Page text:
Is there anything worse than having a flimsy, lightweight keyboard sliding all over your desk while you type? Probably a lot of things, but not for Redditor ipee9932cd, who couldn’t find a keyboard case they liked so they went the extra obsessed mile to make their own using rock-solid concrete.
Any man worth his salt should know the difference between cement, concrete, and mortar. I am not that man. They’re all just gray sludge to me. But This Old House explains the difference between the three in a very easy to understand way.
In modern cities, there’s concrete at every turn. So it might surprise you to hear that, until now at least, we haven’t really understood how it works at the microscopic level—despite the fact that we trust it to build huge structures.
Ah. When life gives you a mess, just use this curb roller to smooth things out. It packs and flattens and smoothes any thing it meets. Just look at how kludges of cement transform into a perfectly shaped curb after the roller gets its roll on. It’s like the world’s strongest rolling pin but for cement and not baking.
As the world’s cities expand at faster and faster speeds, so does its use of cement. One oft-quoted statistic shows that China alone used as much cement in the last three years as the US used in the last 100. Just one problem: Cement is responsible for pushing a hell of a lot of carbon dioxide into the world.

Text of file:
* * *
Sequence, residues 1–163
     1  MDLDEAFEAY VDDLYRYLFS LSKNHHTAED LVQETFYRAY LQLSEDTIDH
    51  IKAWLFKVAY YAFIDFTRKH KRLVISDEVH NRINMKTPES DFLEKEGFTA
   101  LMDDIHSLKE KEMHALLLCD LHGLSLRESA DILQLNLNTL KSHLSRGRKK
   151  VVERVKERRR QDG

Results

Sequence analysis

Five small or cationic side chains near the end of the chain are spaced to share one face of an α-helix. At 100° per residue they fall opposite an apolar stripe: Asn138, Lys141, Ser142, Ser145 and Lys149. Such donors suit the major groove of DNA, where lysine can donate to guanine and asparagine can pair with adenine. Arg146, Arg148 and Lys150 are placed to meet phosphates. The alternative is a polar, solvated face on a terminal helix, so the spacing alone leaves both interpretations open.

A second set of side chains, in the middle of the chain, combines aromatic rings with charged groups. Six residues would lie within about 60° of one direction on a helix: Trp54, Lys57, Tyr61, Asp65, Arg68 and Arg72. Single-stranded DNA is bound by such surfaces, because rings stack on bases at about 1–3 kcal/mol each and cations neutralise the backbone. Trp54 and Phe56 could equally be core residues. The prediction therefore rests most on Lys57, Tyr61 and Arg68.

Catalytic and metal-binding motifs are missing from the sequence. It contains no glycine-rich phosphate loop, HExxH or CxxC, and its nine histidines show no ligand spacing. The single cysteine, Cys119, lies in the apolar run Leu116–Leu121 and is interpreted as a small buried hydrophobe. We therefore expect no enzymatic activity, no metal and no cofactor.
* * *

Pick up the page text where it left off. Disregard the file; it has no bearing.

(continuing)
The first cement factory in Hungary has reached its sorry end. The monstrous industrial complex of Lábatlan was established by Balázs Konkoly-Thege on the right bank of river Danube in 1868, and in the very beginning, Roman cement was made here in a wood-fueled 16 chamber furnace. Today, the factory is a lovely…
For the most part, we humans are better at things than we were thousands of years ago. But there are some things the ancients had down pat. Roman concrete, for instance, is just way better than anything we can whip up today. Finally, after some 2,000 years, modern-day scientists have figured it out. And it's a secret…
Alchemy, at 2,000 degrees Celsius. A new study from the Argonne National Laboratory reports that a group of scientists from Japan, Finland, America, and Germany have used lasers to turn liquid cement into a glassy, liquid metal.
So much news passes before our collective eyes every day that we couldn't possibly cover it all. Mostly because much of it isn't worth covering! But here are a some borderline tidbits we passed on, just in case.
If this woman told you she was a doctor and you wanted butt implants, would you let her inject a mixture of cement, super glue, mineral oil and Fix-A-Flat tire mender into your buttocks? But of course you would!
Who wouldn't want to build a minifig fort from a set of concrete blocks made to look like Legos?
This "Trash Cube", designed by Nicolas Le Moigne, uses leftover roofing material to make up its shape. When workers throw scrap fiber cement away, they toss it into a cube-shaped mold to form the seat. Recycling is useful.
Looking to bring some plant life into your room? Or trying to figure out a holiday gift that's a little more original than a lame-o gift certificate? All you need is some tools, some cement, a succulent and this guide.